Nobody cares about preventing catastrophes either. Nornickel safety check-ups and prevention protocols have deteriorated after the plant got privatized in the 1990s. An industry expert and former Nornickel employee, Rinat Fayzulin tells us: “Before, there were special building engineers-superintendents, who would make sure that the foundation and piles were normal so that cracks did not appear.” Now, there is nothing like that. The head of the city said that they had abolished the department that monitored the pile foundations.”

There were many red flags before the spill. Local environmentalist Alexei Knizhnikov says even before the accident at the plant, production waste from Nornickel would be flowing into local rivers: 

“Previous spills have already caused great damage to living organisms in the river and in the lake. Their number decreased significantly, and the fish are so poisoned that the fishermen are warned: don’t eat the fish from this lake under any circumstance.” 

Photo: RIA Novosti

The environment and health of locals are hostages to corporate profits. Norilsk authorities keep their mouths shut about serial environmental crimes by Nornickel — the city incomes come from the company. The federal government gives it a free pass for the same reason: Nornickel accounts for almost a percent of Russia’s GDP and 2.6 percent of Russia’s exports in 2018 alone.

Concerns over the fair investigation. Nornickel owner Vladimir Potanin has promised to foot the cleanup bill (around $146.5 million). Still, the company will also have to pay a fine. How big? Russia’s natural resources watchdog Rosprirodnadzor will decide. According to our sources, Potanin flew the agency’s head to the disaster zone on a private jet with the trip’s cost estimated at $150,000 minimum. 

Backstory. In recent years, the Russian government has poured billions of dollars into military development in the Arctic as it rushes to take over new trading routes that are opening up due to climate change. This expansion comes at the cost of severe environmental degradation and economic ruin for local communities. Massive fuel spill in Norilsk is now exacerbating the problem on both ends. The ecological damage could last more than a decade, and Russian arctic expansion plans could hit. 

Read the full story on the Norilsk environmental disaster here and more about the trip taken by the Rosprirodnadzor head here. 


Unopposed Local Election in Annexed Crimea, Investigated

Russia’s ruling party tests opposition suppression tricks on the annexed region. This week we report from Sevastopol, a special status city in Crimea with a direct rule from Moscow, where the opposition battles a shady trick to re-elect acting governor, unopposed. 

What is happening? Sevastopol is governed by multiple municipal councils. Seven deputies from the ruling United Russia party faction resigned at a recent meeting of one of them, leaving it short of a quorum. This forces the body to self-dissolve. Another municipality tried to pull the same move. If successful, it would trigger municipal snap elections in these districts. 

Photo: RIA Novosti

What’s the shady plan? Local opposition fears this is all a part of the plan to clear the way for re-election of the acting governor and United Russia regional head Mikhail Razvozhaev later this September. To become a candidate, he needs just 12 signatures of municipal councilpeople. Ruling United Russia already controls 73% of the municipalities. Still, by triggering disbandment of municipalities with substantial opposition groups, it wants to make sure that no other opposition group has a chance of nominating an alternative candidate.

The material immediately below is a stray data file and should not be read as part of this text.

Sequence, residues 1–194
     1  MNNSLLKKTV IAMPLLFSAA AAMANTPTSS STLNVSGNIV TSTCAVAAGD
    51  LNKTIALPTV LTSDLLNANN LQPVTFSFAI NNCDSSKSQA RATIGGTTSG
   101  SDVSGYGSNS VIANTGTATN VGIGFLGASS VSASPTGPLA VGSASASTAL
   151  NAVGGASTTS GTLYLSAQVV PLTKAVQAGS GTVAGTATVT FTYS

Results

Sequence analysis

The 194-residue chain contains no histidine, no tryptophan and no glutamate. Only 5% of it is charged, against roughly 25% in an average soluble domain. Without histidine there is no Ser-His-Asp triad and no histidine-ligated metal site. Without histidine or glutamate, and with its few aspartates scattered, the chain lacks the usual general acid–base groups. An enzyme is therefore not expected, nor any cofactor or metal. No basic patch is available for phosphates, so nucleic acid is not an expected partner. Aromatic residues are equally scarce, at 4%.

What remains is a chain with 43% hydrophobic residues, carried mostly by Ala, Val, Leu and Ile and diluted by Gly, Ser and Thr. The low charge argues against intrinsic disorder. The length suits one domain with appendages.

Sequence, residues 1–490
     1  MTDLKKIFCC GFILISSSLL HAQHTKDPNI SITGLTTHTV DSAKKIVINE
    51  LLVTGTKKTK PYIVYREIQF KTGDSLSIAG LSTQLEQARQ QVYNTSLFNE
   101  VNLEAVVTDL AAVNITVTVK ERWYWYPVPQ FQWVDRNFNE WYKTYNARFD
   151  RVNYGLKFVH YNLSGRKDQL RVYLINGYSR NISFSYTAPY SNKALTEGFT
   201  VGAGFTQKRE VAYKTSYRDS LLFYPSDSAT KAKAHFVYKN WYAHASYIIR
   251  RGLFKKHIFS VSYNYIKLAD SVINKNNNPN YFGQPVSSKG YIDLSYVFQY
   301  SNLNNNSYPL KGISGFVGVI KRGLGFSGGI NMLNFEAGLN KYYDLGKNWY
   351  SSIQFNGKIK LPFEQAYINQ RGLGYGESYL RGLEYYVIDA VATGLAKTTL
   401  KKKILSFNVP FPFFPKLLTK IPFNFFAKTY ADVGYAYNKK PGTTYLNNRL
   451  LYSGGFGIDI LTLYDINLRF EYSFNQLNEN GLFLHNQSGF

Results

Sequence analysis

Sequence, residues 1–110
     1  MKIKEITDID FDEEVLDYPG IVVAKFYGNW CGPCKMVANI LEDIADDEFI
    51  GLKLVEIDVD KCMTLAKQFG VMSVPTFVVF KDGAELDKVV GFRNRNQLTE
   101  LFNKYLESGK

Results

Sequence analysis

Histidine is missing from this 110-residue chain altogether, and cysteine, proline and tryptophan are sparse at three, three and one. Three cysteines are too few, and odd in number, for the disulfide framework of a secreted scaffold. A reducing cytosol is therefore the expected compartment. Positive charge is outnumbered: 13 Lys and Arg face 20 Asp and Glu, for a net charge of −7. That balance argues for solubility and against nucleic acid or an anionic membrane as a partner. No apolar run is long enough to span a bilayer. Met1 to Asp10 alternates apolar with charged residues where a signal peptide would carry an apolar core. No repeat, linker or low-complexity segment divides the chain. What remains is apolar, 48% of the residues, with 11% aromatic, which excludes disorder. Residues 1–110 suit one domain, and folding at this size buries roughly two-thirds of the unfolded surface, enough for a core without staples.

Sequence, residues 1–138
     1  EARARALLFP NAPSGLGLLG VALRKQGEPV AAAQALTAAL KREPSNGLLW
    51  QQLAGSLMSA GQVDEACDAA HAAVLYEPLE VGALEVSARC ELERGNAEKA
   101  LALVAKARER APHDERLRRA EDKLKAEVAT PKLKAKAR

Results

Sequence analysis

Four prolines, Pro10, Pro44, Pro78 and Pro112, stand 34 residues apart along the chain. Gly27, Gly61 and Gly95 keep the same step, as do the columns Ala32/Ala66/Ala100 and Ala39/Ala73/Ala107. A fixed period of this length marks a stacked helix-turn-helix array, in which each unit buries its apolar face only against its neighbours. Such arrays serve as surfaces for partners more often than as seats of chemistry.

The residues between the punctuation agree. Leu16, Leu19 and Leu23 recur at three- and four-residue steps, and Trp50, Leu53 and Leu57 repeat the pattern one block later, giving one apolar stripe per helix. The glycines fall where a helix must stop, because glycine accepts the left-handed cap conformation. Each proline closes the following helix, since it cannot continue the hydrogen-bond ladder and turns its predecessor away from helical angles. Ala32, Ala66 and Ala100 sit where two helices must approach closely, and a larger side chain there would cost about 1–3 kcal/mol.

A Crimean test ride. Local brunch of the ruling party justifies the push to dissolve municipal councils with Russia’s recent constitutional amendments. Although they still await a green light through a pending referendum, the Kremlin-backed officials in Crimea are already testing what might become an opposition suppression tactic. A local member from opposition Communist Party Vasily Parkhomenko warns of a precedent: 

“In principle, no one has encountered such dirty election technology in Russia.”

A glitch in the plan? Despite mass resignations within two councils, they fell short of votes for dissolution and now must go through the courts. Furthermore, angered opposition might have a plan on how to outsmart the ruling party. If dissident factions unite, they could trigger even more councils to dissolve — that will derail the gubernatorial elections altogether.

Read the full story on Sevastopol’s controversial elections here.


Other Top-Stories Russia Has Been Reading

  • Russia’s crisis exit plan benefits corporations only. After weeks of inaction, the government finally rolled out a crisis response plan to support the economy hit by the pandemic. In this week’s popular op-ed, our economist Dmitry Prokofiev says this plan however envisions citizens paying for the crisis. He argues that the government clearly prioritizes the well-being of the country’s export-oriented economy of raw materials over the consumer economy that benefits the daily life of working Russians. Leaving small and mid-size businesses without any help will lead to more unemployment, which will result in more people willing to do a job for less money. Cheaper labor, in turn, will allow large enterprises better profit margins. A bailout for corporations, the Kremlin style.

  • Azar is free. We keep tracking the fate of arrested Novaya Gazeta journalist and municipal deputy Ilya Azar. He was jailed for 15 days for holding a solitary picket. His detention sparked more protests and more arrests in Moscow — further 150 people joined Azar in jails. Following a public uproar, a local court reduced his arrest from 15 to 10 days. Azar was released on Sunday and has promised to continue picketing — because it’s not a crime.

Photo: Svetlana Vidanova / "Novaya Gazeta"

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— The Novaya Gazeta Team